Folate part 2: MTHFR and genetic testing

The last post about folate deficiency got me thinking.  Absolute absence of folic acid is a risk for non-response to antidepressants, but suppose you have adequate intake of folic acid.  Is that good enough?  In most cases, yes.  In some cases, no.  Lets look at some chemistry so you have a better understanding of why we need to be concerned about this.  Folic acid is a synthetic form of the vitamin folate, and is the form found in enriched wheat products.  The form of folate found in nature is dihydrofolate.  This is the form found in green vegetables, egg yolk, beans and some organ meats such as liver and kidney.  One of the key steps in activation of folate is by an enzyme called methylene tetrahydrofolate reductase (MTHFR).  This enzyme converts folic acid and dihydrofolate to the form used by the body:  L-methylfolate.  It is this form that can cross the blood-brain barrier and support the enzymatic processes that result in the formation of the neurotransmitters serotonin, norepinephreine and dopamine.

There are now available tests to determine how well your body produces MTHFR.  If your genetic code includes one of the variants that results in diminshed production of MTHFR, you have a limited ability to turn folat or dihydrofolate into L-methylfolate.  It will be as if you are folate deficient!  This will, in turn, make it less likely that you will respond to antidepressant medications.  This is easily remedied by supplementation with L-methylfolate.  This was marketed as a “nutraceutical” under the names Deplin and Enlyte.  These were a bit expensive and insurance did not pay for them.  This limited people’s willingness to give it a try.  There are now many L-methylfolate products available on Amazon and in the nutritional sections of some supermarkets and pharmacies.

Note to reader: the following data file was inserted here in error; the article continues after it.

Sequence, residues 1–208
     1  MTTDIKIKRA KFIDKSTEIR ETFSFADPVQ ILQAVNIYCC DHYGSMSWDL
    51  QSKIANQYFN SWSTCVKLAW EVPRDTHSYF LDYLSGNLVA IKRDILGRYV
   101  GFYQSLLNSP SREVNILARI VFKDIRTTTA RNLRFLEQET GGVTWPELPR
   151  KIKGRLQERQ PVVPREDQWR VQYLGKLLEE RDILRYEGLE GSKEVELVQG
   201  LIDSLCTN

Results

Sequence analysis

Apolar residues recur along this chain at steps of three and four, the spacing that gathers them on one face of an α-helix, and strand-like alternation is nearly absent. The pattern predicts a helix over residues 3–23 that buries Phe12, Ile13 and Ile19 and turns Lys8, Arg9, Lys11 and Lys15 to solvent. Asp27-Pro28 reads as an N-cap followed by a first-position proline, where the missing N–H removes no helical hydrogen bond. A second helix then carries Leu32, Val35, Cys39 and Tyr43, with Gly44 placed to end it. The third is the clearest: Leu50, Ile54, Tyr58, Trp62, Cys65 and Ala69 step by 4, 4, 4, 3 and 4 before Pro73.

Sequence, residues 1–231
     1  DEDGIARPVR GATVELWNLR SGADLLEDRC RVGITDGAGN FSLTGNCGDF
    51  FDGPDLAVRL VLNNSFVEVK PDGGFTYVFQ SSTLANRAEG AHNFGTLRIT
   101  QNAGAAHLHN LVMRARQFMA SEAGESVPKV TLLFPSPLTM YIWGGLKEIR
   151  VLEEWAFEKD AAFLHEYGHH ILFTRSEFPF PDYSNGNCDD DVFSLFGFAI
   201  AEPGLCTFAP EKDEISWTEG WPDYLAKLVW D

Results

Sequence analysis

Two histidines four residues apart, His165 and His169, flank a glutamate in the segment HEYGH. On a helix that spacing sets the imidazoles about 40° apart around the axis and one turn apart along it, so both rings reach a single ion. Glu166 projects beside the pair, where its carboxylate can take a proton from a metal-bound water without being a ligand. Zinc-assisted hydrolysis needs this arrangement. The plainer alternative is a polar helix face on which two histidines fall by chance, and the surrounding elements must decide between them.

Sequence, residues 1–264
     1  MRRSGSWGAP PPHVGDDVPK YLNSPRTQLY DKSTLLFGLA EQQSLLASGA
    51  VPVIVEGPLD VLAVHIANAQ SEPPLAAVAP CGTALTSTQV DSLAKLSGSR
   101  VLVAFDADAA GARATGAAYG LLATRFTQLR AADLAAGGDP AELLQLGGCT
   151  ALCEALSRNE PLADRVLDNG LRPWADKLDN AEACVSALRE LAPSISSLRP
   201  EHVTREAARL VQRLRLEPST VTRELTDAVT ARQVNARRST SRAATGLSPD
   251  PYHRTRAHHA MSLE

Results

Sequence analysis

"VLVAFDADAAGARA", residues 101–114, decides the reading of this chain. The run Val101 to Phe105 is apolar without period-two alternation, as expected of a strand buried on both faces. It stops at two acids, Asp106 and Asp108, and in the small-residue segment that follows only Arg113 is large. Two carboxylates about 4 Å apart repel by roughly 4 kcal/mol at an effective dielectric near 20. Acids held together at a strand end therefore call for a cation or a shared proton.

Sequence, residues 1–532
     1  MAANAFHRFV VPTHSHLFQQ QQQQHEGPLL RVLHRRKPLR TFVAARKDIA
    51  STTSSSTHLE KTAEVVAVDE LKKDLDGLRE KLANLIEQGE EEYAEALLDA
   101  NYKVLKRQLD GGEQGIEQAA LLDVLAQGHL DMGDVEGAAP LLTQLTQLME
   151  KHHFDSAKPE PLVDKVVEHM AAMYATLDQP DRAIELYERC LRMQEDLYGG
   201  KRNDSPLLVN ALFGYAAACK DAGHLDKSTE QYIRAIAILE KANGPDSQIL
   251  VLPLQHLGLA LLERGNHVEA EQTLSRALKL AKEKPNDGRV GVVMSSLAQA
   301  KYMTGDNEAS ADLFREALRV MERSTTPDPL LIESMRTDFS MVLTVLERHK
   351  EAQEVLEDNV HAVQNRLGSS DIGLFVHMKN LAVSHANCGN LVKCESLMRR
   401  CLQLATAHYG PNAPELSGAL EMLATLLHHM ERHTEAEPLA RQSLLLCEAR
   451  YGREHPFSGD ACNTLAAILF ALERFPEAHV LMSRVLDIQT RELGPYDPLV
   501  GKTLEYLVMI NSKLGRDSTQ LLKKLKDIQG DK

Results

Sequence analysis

Absence of folate or limited functioning of MTHFR is an infrequent reason for lack of response to antidepressants.  It is, however, one that is easily remedied and should not be forgotten.

–Dan Hartman, MD


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